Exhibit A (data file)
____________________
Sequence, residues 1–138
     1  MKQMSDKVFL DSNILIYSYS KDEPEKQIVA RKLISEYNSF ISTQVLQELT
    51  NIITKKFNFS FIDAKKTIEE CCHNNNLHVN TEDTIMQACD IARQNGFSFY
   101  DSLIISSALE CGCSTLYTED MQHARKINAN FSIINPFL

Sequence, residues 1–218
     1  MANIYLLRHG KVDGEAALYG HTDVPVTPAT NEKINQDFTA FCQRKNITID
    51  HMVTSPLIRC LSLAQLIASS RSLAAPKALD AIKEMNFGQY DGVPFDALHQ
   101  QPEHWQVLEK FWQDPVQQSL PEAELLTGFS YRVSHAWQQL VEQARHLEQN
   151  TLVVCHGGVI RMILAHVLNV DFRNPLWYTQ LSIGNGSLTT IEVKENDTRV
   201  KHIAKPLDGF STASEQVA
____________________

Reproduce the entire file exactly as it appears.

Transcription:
Sequence, residues 1–138
     1  MKQMSDKVFL DSNILIYSYS KDEPEKQIVA RKLISEYNSF ISTQVLQELT
    51  NIITKKFNFS FIDAKKTIEE CCHNNNLHVN TEDTIMQACD IARQNGFSFY
   101  DSLIISSALE CGCSTLYTED MQHARKINAN FSIINPFL

Sequence, residues 1–218
     1  MANIYLLRHG KVDGEAALYG HTDVPVTPAT NEKINQDFTA FCQRKNITID
    51  HMVTSPLIRC LSLAQLIASS RSLAAPKALD AIKEMNFGQY DGVPFDALHQ
   101  QPEHWQVLEK FWQDPVQQSL PEAELLTGFS YRVSHAWQQL VEQARHLEQN
   151  TLVVCHGGVI RMILAHVLNV DFRNPLWYTQ LSIGNGSLTT IEVKENDTRV
   201  KHIAKPLDGF STASEQVA